One way of getting into the habit of regularly turning the compost bin, is to keep a container with a lid on your kitchen counter for food scraps, paper towels, and other commonly used compostables. (If odors are a concern, you can purchase special compost buckets fitted with charcoal filters to suppress any off-putting smells.) When you empty the bucket into the compost bin every few days, you can mix your bucketful of materials into the existing compost, aerating the pile at the same time.
Put Your Finished Compost to Use
Finished compost does not have to be collected all in one batch. Most people who compost choose to section off their bin or create multiple bins in order to always have compost at different stages. This means you would always have some compost just starting off at the same time as compost that is ready for use.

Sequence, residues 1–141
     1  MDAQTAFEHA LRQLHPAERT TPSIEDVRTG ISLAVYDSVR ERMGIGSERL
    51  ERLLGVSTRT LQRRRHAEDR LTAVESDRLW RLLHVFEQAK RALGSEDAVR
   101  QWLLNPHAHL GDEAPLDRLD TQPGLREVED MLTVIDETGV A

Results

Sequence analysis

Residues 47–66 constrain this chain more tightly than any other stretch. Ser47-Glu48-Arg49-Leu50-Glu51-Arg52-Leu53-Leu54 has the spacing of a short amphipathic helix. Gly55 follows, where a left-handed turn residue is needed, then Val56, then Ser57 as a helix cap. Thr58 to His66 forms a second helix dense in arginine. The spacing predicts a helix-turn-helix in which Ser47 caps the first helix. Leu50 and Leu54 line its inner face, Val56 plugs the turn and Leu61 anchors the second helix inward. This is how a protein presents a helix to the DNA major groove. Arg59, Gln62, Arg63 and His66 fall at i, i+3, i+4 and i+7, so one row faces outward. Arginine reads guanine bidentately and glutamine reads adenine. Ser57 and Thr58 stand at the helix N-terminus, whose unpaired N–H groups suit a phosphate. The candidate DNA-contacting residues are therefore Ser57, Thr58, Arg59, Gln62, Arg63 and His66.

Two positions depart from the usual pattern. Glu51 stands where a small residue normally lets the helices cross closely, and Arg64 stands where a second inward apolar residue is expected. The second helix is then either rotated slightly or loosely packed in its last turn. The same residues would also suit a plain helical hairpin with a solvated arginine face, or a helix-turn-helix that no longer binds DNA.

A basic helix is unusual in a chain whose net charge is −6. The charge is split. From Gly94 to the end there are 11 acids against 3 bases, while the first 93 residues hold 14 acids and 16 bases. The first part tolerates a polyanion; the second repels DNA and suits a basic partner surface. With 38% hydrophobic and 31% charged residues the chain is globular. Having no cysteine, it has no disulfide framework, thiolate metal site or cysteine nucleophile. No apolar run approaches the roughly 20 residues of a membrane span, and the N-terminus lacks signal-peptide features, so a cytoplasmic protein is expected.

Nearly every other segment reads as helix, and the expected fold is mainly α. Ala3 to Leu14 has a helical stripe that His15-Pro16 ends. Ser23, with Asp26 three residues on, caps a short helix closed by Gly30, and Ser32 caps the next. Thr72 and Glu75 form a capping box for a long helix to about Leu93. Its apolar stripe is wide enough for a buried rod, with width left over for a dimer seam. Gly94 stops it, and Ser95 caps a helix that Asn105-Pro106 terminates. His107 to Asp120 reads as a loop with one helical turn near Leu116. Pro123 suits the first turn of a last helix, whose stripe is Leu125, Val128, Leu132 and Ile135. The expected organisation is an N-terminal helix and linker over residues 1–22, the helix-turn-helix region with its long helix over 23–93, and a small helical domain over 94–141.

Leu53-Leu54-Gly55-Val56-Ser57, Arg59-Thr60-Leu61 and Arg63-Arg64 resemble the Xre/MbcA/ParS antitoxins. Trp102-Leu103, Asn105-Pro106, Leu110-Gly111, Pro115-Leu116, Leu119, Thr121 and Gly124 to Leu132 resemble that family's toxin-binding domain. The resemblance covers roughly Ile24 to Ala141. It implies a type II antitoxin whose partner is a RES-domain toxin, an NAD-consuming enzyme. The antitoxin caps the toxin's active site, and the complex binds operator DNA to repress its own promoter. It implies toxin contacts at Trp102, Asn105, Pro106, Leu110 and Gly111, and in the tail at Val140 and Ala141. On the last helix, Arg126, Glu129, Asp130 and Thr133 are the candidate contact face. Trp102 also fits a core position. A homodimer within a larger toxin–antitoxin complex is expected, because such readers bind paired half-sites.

So once you’re finished making compost, what do you do with it? Compost can be mixed in with the existing soil in a garden bed, making it more nutrient rich and improving drainage. You can also treat it as mulch, spreading it around plants and trees. After a few days, it will begin to break up and absorb into the soil. Sprinkling compost on your lawn provides nutrients to the soil, making it healthier and better equipped to hold water. Repeat this process a few times a year and your lawn will appear greener and thicker, without chemical fertilizers.
Originally published in the March-April 2019 issue of the Shofar. For more issues of the Shofar, visit the Shofar archives.